Exposing the interplay between poverty, racism, militarism, and the climate crisis in the U.S. in a landmark report for the new Poor People’s campaign
Employing facts to clear the fog of fear around rising tensions with North Korea to spread the message of diplomacy over war
Outlining policy proposals to transfer funds from the military budget to a climate security budget to address one of the most pressing dangers of our time
“We couldn’t be happier for NPP to leverage their work and find synergies with existing IPS programs — especially on military spending,” IPS Director John Cavanagh said. “Both political parties have claimed that there’s just not enough money in the federal budget for needs like universal health care, or debt-free higher education. But NPP’s work has exposed that lie and shown that we’re wasting billions of dollars a year and destroying millions of lives in endless wars in the Middle East and elsewhere around the globe.”
“This is a natural partnership given how interconnected our issues are: from peace and security, to economic and racial justice, to climate change.” NPP at IPS project director Lindsay Koshgarian said. “We’re facing many challenges today — from threats of war with Iran to threats of a tax plan that would line the pockets of overpaid CEOs. Misinformation fuels these threats, as it fueled our current endless wars in the Middle East. The need for a reality check has never been greater and joining IPS will result in a stronger NPP, with deeper ties to grassroots movements and new audiences for our work. “
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Campaign actions by hundreds of thousands of people in the past 12 months have swayed nine of the world’s ten biggest food and beverage companies to improve their social and environmental policies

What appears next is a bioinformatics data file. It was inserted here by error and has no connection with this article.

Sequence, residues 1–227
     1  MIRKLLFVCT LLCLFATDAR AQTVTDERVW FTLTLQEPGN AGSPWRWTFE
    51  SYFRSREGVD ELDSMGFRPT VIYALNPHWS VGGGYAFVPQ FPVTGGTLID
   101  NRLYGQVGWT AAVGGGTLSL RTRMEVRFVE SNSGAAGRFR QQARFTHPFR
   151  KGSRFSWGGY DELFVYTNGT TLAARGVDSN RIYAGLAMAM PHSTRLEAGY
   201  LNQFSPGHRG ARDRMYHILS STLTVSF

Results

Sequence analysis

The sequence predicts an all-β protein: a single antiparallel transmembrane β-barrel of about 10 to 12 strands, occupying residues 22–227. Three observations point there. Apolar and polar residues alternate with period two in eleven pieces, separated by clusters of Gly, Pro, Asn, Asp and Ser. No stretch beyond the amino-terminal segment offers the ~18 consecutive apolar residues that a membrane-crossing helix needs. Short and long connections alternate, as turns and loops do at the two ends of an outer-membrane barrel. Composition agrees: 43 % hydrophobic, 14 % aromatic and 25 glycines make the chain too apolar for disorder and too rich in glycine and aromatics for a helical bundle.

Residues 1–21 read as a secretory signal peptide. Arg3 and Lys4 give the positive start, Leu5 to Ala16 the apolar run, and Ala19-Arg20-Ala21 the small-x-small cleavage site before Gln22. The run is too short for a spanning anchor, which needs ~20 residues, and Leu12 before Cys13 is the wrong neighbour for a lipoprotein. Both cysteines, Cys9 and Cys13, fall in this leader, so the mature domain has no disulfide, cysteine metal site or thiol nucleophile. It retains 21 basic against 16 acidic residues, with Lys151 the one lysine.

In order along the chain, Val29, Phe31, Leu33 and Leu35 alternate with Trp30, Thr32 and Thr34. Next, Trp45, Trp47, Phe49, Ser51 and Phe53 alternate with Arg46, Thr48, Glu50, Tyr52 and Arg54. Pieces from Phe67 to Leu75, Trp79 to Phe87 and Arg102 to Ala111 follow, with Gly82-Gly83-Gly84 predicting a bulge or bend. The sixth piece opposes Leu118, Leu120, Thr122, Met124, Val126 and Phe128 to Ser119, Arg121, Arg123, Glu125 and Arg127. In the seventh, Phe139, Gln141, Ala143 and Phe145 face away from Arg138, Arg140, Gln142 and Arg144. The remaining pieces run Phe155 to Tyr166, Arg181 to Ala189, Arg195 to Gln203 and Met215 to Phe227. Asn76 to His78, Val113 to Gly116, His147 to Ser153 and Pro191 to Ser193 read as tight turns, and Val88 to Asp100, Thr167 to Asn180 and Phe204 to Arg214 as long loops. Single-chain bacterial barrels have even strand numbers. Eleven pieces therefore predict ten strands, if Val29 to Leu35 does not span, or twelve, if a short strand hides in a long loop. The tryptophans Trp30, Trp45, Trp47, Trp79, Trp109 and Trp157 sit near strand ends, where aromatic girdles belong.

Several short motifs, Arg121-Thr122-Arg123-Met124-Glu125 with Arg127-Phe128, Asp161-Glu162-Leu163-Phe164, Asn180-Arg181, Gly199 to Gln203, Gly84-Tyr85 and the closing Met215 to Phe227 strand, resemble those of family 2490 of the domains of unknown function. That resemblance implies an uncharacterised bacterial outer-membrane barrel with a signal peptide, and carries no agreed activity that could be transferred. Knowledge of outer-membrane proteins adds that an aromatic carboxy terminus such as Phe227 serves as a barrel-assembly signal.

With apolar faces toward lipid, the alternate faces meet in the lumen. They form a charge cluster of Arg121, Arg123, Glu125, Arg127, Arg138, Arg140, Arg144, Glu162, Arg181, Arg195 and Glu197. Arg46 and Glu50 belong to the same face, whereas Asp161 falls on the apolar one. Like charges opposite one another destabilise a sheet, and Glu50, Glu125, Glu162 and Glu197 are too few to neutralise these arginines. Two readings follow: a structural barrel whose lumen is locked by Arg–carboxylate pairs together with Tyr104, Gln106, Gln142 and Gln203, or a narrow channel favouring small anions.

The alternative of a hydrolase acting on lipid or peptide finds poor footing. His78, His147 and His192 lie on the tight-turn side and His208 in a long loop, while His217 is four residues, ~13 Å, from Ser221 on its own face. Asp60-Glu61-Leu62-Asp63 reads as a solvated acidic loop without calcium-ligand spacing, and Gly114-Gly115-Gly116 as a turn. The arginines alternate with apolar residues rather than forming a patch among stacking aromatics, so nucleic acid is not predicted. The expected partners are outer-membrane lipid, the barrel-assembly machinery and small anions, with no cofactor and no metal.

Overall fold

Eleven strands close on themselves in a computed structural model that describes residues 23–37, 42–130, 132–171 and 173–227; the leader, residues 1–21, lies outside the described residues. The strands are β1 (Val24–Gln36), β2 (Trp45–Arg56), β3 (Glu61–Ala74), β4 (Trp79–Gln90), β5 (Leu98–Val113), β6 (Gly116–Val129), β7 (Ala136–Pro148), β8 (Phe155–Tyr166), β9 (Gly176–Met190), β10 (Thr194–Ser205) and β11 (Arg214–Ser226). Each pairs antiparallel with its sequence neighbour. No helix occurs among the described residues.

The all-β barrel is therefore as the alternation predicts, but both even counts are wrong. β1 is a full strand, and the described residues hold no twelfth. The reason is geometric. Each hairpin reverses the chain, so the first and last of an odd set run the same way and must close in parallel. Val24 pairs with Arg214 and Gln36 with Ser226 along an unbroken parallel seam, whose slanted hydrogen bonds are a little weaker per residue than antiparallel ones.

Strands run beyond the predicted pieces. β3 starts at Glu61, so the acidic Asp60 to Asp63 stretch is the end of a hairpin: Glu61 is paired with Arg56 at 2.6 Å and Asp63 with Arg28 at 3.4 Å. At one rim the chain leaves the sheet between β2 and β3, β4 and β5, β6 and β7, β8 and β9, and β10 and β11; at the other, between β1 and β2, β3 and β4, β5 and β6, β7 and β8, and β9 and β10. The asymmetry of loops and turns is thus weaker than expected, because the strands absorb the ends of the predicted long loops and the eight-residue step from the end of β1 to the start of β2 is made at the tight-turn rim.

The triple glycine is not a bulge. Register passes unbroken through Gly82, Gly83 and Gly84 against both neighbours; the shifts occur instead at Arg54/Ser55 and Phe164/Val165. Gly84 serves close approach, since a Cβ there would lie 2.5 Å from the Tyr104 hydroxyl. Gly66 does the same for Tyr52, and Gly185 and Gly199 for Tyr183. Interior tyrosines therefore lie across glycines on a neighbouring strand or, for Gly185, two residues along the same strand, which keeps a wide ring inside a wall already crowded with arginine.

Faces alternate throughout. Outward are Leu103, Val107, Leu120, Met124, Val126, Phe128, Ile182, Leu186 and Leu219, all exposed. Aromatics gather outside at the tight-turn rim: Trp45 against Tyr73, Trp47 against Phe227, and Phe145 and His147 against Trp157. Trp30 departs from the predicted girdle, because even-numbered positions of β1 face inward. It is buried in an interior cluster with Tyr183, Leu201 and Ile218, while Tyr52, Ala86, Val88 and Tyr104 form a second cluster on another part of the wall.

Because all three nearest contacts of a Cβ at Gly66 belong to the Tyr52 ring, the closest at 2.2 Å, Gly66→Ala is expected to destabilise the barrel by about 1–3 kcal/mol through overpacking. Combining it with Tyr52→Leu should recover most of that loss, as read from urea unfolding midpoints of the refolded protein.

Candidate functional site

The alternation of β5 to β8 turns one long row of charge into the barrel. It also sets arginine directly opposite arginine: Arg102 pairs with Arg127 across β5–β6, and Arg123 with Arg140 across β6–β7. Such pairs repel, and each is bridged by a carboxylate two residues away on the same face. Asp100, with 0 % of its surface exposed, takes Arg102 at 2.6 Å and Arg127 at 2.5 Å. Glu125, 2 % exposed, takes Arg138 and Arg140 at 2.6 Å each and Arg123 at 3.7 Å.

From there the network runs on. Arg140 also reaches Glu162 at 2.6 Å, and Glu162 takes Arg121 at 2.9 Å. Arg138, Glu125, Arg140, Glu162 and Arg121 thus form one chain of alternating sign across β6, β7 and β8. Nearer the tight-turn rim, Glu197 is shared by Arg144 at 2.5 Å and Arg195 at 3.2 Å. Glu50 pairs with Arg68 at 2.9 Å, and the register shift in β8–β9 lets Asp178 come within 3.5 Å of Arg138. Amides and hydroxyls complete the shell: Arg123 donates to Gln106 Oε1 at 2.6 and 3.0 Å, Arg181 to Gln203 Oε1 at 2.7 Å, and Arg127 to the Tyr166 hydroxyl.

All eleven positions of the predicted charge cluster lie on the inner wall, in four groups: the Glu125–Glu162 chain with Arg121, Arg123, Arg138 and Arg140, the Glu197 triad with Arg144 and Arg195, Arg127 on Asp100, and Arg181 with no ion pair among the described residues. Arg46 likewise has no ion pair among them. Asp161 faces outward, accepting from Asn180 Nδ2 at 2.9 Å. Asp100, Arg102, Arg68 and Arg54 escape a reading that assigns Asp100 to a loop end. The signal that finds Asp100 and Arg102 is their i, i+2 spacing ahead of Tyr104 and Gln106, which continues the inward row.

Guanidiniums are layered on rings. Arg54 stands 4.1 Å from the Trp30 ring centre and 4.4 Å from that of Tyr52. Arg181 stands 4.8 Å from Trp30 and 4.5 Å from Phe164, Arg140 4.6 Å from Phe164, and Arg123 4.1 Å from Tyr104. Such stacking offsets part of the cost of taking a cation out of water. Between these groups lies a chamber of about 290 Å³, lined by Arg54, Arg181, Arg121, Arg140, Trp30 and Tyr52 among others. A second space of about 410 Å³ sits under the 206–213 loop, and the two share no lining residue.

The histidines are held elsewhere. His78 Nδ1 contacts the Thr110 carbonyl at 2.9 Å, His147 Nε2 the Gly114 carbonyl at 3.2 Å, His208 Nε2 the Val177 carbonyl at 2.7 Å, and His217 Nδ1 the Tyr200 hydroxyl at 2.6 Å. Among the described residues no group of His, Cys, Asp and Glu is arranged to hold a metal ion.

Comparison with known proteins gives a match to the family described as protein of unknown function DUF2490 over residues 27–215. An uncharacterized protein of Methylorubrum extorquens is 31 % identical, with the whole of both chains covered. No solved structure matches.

Campaign actions by hundreds of thousands of people in the past 12 months have swayed nine of the world’s ten biggest food and beverage companies to improve their social and environmental policies, says worldwide development organization Oxfam.
Some leading companies made major strides in improving their policies on land and women’s rights, and carbon emissions. But overall the “Big 10” moved too slowly as a group, held back particularly by some laggard companies that are not showing enough interest or ambition, according to Oxfam’s first annual assessment of its “Behind the Brands” ranking system.
In the past year, nine companies listened and improved their policies. General Mills alone did not and dropped to last place. General Mills sells Betty Crocker, Cheerios, Green Giant, Haagen-Dazs, Old El Paso and Yoplait among other brands.
The best marks are for Nestle, Unilever and Coca-cola
The top three performers – Nestle (1st), Unilever (2nd) and Coca-Cola (3rd) – all improved their scores by the biggest margins of 10, 14 and 13 percent respectively. Associated British Foods (9th) and Kellogg (8th) improved markedly by 8 and 6 percent respectively. The mid-ranked companies, Danone (6th tied), Mars (6th tied), Mondelez (4th tied) and PepsiCo (4th tied) also improved but only slightly and need to do much better.
In 2013, “Behind the Brands” focused its public campaigning particularly on land and women’s rights. These issues were being largely ignored by the “Big 10”.
Women and land rights: the priority